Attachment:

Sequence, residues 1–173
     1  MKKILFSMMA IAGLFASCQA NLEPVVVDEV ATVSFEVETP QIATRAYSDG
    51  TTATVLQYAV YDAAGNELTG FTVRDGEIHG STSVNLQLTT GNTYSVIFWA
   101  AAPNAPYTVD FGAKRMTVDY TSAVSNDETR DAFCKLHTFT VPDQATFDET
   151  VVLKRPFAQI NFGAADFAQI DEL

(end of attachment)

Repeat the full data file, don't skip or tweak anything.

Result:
Sequence, residues 1–173
     1  MKKILFSMMA IAGLFASCQA NLEPVVVDEV ATVSFEVETP QIATRAYSDG
    51  TTATVLQYAV YDAAGNELTG FTVRDGEIHG STSVNLQLTT GNTYSVIFWA
   101  AAPNAPYTVD FGAKRMTVDY TSAVSNDETR DAFCKLHTFT VPDQATFDET
   151  VVLKRPFAQI NFGAADFAQI DEL